parole

Wesley Fryer / Flickr

As the state Pardon and Parole Board prepares to consider 14 releases on Wednesday, reform advocates are petitioning the state of Oklahoma to reduce the prison population and release prisoners who are at higher risk of dying from COVID-19.

Oklahoma could release up to 14 prisoners at high risk for COVID-19.

126 individuals were classified as having severe medical needs, but only 14 met the eligibility requirements for medical parole.

Corrections officials say the inmates couldn’t be serving time for a violent crime, have a history of domestic violence or have to register as a sex offender upon release.

The state’s Pardon and Parole Board will hear an emergency medical parole docket on May 13.

---

Quinton Chandler / StateImpact Oklahoma

A popular desire for reform led lawmakers to push the release of hundreds of people from Oklahoma prisons in a record commutation last year. The climactic event was born from a series of reforms that have moved Oklahoma away from the number one spot for incarceration. But, that progress might be temporary.

Nearly half the people admitted to state prisons in the U.S. are there because of violations of probation or parole, according to a new nationwide study that highlights the personal and economic costs of the practice.

The Council of State Governments Justice Center said the majority of these violations are for "minor infractions," such as failing a drug test or missing a curfew. Those so-called technical violations cost states $2.8 billion every year, the report says.

This Week in Oklahoma Politics, KOSU's Michael Cross talks with Republican Poltical Consultant Neva Hill and ACLU Oklahoma Executive Director Ryan Kiesel about a grand jury investigation into the State Health Department finds reprehensible and inept practices leading officials to believe the agaency was insolvent and the subsequent layoff of nearly 200 people, boycotts and challenges are growing against a referendum petition to remove tax increases to pay for raises to teachers, school support staff and state workers as are questions of the validity of the petitions themselves and Tulsa Pub

Quinton Chandler / StateImpact Oklahoma

Baby Roman is just waking up from his afternoon nap and now he’s looking for a toy. His grandfather, Frank McCarrell, is trying to distract him from the house’s décor with a bottle of milk.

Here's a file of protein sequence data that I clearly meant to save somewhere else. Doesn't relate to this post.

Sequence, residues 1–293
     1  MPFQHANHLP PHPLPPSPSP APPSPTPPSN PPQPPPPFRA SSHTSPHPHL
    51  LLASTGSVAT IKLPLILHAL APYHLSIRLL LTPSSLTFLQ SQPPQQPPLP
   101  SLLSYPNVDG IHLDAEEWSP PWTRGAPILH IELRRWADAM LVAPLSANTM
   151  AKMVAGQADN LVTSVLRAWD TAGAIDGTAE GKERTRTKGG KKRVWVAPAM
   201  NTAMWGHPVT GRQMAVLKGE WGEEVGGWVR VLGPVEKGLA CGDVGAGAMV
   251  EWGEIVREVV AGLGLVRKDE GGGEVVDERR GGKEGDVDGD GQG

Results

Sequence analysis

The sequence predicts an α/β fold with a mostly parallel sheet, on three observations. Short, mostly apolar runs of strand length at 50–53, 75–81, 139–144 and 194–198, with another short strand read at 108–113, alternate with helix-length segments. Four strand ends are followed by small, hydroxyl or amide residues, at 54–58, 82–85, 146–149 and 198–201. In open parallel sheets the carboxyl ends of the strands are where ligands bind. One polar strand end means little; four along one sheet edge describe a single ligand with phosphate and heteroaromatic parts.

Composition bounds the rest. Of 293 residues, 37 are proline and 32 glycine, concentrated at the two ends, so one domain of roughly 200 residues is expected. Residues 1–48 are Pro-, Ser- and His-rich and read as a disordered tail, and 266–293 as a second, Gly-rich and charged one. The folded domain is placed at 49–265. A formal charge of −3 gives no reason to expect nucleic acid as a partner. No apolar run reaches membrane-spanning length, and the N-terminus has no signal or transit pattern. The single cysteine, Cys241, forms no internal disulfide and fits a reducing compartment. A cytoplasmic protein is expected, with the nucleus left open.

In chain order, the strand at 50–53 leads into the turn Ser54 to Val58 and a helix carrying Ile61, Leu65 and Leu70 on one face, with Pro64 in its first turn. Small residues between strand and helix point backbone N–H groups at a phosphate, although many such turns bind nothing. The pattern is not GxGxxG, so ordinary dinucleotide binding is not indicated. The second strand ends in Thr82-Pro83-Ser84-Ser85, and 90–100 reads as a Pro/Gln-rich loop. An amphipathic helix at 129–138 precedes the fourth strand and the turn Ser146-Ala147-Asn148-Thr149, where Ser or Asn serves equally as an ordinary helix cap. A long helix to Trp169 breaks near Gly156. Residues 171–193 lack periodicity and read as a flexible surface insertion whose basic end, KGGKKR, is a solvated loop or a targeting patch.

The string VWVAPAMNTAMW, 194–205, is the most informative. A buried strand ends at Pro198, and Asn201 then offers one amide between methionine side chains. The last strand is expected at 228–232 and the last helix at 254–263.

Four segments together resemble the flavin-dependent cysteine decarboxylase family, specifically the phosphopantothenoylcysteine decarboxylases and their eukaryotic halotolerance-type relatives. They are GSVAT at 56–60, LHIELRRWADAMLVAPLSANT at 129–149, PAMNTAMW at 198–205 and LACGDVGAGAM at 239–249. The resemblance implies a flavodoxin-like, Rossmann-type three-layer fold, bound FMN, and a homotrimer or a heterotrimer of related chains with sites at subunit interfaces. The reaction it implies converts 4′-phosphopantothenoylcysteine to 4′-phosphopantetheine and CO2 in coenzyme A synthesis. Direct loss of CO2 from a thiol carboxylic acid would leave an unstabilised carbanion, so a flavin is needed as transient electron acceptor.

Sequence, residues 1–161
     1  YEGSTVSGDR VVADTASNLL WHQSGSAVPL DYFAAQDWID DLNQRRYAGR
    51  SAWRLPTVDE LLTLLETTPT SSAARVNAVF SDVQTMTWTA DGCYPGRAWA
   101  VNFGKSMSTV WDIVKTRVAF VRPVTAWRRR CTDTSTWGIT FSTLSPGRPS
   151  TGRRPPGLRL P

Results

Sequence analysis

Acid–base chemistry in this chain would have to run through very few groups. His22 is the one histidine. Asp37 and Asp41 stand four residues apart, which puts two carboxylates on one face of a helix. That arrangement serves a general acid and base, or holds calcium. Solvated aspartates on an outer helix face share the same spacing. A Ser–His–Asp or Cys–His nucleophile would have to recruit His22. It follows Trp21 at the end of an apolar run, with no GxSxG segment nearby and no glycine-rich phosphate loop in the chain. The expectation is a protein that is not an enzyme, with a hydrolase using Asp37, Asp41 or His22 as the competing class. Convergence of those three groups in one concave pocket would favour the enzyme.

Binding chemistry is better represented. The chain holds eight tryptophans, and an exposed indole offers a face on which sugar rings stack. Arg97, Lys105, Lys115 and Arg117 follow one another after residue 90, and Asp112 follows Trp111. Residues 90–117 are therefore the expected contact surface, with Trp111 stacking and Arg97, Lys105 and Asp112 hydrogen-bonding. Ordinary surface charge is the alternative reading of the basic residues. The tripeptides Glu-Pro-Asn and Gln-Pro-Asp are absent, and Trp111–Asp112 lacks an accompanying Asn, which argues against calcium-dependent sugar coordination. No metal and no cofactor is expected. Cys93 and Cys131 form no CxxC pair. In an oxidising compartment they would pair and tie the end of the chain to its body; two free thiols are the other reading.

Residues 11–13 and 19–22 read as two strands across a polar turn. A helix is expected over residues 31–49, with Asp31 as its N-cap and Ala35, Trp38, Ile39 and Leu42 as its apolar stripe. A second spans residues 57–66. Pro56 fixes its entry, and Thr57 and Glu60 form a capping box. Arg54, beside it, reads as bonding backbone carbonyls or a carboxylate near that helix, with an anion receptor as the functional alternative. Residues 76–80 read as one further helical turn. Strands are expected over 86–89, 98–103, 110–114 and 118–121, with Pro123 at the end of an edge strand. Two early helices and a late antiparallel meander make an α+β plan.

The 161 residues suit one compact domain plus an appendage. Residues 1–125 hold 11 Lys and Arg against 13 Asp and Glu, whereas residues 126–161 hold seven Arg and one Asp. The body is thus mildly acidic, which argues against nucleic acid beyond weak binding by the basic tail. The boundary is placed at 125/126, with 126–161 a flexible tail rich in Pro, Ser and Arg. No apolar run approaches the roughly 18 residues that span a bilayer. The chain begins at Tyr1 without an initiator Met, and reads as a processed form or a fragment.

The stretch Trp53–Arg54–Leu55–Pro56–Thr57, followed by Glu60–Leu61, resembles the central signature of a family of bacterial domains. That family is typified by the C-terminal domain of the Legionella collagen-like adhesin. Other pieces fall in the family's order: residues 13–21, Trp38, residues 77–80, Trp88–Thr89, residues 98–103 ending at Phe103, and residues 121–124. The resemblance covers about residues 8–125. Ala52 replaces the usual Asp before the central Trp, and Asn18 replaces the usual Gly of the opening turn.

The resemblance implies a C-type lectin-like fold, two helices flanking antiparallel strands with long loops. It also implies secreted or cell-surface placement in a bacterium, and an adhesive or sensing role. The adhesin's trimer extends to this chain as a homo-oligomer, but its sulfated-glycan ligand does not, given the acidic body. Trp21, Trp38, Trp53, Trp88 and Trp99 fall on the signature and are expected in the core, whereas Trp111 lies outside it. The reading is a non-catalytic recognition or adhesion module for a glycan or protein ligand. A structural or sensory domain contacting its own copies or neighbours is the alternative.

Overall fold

“He don’t usually be asleep this time,” said McCarrell, who just finished his workday to babysit for his daughter. “When I come home … usually he’s up and raring to go. Huh? You be running Papa around?

Quinton Chandler / StateImpact Oklahoma

State Senators sent Gov. Mary Fallin new standards for sentencing teens to life without parole Wednesday.

The standards were requested by state district attorneys and are a response to a U.S. Supreme Court ban on mandatory life without parole sentences for teens.

Quinton Chandler / StateImpact Oklahoma

Tucker McGee is in prison for murdering teenager JaRay Wilson. McGee was days away from turning 18. Now, more than five years after the murder, Legislators and district attorneys fear his sentence of life in prison without parole is on the verge of being reduced.

This Week in Oklahoma Politics, KOSU's Michael Cross talks with Republican Political Consultant Neva Hill and ACLU Oklahoma Executive Director Ryan Kiesel about a budget deal at the State Capitol could lead to an early end to the 2018 legislative session, the state House passes an amended criminal justice reform bill which makes it easier for juveniles to get life without parole and Governor Fallin vetoes a measure which would have allowed people to take selfies with their ballots.

QUINTON CHANDLER/STATEIMPACT OKLAHOMA

Gov. Mary Fallin signed seven criminal justice reform bills this week ending a bumpy ride for legislation designed to curb prison population growth in Oklahoma.

Fallin says the measures represent smart ways to protect public safety, keep families together — and save taxpayer money.

Most of the legislation was introduced in 2017 but stalled in committee. This year, the bills were reconsidered after compromises between legislators, district attorneys and other government agencies.

Pages